'Born mousers': Program links up feisty cats with P.E.I. barn owners

·2 min read
This photo shows Ernest, left, an orange and white cat, and Brock, a grey and white cat, inside enclosures at the P.E.I. Humane Society in Charlottetown. Ernest and Brock are the latest cats up for adoption through the society's Barn Buddies program. (P.E.I. Humane Society - image credit)
This photo shows Ernest, left, an orange and white cat, and Brock, a grey and white cat, inside enclosures at the P.E.I. Humane Society in Charlottetown. Ernest and Brock are the latest cats up for adoption through the society's Barn Buddies program. (P.E.I. Humane Society - image credit)

The P.E.I. Humane Society is offering up a new form of pest control for Island farmers — one with four paws and a tail.

The society's Barn Buddies program is connecting cats that are not suitable for home adoptions with people who need help keeping rodents out of their barns, gardens or nurseries.

These so-called "mousers" get shelter and food in exchange for their services.

Ashley MacLeod, development and communications co-ordinator for the P.E.I. Humane Society, said the program is designed to help find homes for cats who need a less structured environment.

"Some cats are just born mousers and they're born to be in a barn," said MacLeod.

"They maybe have higher energy or they're not as personable as house cats would normally be, but they'd be great assets to any farm."

Program fills 'tremendous need'

MacLeod said when a cat comes to the society, a behavioural assessment is conducted. They look at the cat's personality. Perhaps the feline enjoys chasing toys, but doesn't like being handled.

"Just like us, they have different personalities, different needs in their lives," she said. "They're not necessarily friends. They're not necessarily an animal you can snuggle up with."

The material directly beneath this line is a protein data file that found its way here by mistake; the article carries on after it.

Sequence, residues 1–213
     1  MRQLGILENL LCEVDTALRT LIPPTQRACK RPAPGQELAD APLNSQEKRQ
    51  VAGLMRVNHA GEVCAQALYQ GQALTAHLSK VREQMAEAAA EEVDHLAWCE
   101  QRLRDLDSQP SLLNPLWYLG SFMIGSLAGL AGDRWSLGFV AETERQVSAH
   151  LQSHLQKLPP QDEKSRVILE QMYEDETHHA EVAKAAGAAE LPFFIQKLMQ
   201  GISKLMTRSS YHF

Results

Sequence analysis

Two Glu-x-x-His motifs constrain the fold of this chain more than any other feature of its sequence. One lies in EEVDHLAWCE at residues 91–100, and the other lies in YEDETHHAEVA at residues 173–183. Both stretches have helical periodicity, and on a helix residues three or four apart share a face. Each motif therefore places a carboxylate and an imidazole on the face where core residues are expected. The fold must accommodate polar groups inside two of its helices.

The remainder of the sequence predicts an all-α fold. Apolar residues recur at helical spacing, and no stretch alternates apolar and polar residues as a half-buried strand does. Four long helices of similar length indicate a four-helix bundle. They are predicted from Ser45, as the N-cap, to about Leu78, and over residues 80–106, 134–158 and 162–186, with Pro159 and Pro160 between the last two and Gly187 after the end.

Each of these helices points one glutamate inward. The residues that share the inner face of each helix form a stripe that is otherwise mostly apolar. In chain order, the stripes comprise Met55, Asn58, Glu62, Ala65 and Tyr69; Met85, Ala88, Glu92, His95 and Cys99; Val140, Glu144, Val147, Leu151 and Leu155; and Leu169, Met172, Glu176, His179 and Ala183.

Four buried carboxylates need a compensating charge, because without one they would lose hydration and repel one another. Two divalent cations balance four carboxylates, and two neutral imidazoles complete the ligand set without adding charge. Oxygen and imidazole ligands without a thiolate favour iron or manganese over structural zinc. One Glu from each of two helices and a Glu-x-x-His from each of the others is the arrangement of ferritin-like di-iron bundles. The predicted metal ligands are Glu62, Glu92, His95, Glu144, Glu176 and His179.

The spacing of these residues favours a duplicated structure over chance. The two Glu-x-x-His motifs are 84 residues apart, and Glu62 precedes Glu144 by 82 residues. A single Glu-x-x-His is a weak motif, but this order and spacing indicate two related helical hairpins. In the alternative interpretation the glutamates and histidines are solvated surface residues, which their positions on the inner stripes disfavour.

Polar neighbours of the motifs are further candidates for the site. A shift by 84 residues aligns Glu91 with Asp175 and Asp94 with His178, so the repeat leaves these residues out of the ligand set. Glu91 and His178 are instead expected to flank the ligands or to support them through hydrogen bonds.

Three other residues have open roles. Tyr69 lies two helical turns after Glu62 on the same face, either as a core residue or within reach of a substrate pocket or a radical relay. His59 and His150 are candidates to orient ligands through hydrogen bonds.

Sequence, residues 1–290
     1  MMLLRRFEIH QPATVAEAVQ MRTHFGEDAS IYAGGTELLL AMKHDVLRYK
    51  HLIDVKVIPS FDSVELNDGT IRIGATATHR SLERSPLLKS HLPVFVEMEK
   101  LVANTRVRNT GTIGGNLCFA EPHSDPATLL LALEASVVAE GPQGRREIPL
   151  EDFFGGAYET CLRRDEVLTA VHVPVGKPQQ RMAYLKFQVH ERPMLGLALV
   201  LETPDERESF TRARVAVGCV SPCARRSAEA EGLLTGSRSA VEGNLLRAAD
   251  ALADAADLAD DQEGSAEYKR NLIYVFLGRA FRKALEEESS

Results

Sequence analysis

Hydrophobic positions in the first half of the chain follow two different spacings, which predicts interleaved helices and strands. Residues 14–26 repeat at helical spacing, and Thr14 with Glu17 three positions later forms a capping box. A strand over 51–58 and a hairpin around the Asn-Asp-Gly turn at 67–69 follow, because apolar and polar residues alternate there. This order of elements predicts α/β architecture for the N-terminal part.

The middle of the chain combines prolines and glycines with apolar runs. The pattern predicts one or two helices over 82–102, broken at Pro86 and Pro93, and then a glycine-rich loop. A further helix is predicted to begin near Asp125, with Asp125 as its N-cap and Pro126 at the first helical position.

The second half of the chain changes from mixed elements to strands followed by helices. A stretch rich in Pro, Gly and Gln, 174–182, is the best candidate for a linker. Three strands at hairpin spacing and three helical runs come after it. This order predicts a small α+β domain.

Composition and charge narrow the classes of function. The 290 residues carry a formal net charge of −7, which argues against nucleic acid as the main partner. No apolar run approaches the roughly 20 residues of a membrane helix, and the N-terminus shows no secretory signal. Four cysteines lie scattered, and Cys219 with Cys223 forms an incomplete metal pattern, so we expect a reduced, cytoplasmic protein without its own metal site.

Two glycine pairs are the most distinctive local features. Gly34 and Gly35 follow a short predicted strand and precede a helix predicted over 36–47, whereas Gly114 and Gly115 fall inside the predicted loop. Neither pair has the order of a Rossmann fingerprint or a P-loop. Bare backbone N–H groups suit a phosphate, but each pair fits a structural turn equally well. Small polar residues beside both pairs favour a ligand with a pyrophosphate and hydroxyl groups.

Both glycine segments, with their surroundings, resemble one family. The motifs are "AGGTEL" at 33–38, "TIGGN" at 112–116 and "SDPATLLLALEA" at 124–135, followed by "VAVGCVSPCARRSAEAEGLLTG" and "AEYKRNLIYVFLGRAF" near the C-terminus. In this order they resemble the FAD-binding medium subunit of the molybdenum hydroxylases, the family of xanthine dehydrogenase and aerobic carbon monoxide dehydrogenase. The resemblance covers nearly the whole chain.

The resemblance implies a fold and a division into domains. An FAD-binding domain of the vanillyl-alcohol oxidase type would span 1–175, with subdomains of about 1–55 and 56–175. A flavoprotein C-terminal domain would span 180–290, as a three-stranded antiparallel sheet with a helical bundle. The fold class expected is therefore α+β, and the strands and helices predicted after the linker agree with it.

There is a "tremendous need" for barn cats, said MacLeod. She said there are a lot of people with larger properties and barns and they need help with vermin control.

Kaitlyn Swan/CBC
Kaitlyn Swan/CBC

She said these cats otherwise likely would not have found a placement.

"A lot of these cats, they're not feral, but they have personalities that wouldn't allow them to be kept in a home," she said.

"They're difficult animals to place, so having a cat come into your life that doesn't require a roof over its head in the same way as a house cat — [that] is really suitable for these animals and really suitable for the people looking for them."

The Barn Buddies program is already up and running at other locations across Canada. The P.E.I. version launched about two months ago has already placed more than a dozen cats for a fee of $45 each.

There are currently two Barn Buddies available: a six-year-old orange and white cat named Ernest and a five-year-old white and grey cat named Brock.

MacLeod said the program epitomizes the humane society's mandate.

"We love seeing animals find success and we love finding animals new homes," she said.

"This program has provided us with a great opportunity to make sure more Island animals are finding success in Island homes."

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